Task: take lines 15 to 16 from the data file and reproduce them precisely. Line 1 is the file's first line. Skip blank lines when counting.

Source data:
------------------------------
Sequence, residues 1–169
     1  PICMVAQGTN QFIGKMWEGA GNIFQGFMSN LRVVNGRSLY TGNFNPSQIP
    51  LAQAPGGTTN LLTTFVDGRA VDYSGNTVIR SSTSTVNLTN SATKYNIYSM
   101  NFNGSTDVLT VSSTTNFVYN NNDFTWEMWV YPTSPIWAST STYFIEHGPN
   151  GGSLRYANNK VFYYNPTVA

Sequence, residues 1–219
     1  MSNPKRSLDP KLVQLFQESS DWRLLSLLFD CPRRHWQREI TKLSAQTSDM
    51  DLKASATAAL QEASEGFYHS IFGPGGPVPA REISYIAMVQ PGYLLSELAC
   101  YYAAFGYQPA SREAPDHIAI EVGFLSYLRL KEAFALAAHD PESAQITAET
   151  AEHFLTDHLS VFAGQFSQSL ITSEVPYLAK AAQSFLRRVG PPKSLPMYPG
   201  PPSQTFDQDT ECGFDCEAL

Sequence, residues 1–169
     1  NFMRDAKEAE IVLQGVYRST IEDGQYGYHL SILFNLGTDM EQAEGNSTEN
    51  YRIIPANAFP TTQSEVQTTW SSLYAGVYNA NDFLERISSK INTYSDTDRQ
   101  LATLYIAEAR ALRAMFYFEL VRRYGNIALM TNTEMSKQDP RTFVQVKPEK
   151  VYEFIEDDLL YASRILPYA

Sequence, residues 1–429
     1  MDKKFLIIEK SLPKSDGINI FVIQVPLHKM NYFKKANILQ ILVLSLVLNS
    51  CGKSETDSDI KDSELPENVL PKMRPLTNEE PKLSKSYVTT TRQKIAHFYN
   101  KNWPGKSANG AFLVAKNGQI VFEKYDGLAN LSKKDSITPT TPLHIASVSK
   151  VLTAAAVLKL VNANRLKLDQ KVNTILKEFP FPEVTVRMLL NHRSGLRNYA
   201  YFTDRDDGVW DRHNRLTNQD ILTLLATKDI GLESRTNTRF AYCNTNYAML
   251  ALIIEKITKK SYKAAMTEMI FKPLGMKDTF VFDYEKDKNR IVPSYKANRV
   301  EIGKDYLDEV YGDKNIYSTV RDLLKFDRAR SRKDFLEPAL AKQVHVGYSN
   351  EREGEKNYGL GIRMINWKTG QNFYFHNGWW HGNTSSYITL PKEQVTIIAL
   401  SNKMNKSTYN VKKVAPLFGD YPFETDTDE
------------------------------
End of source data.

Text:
   101  LATLYIAEAR ALRAMFYFEL VRRYGNIALM TNTEMSKQDP RTFVQVKPEK
   151  VYEFIEDDLL YASRILPYA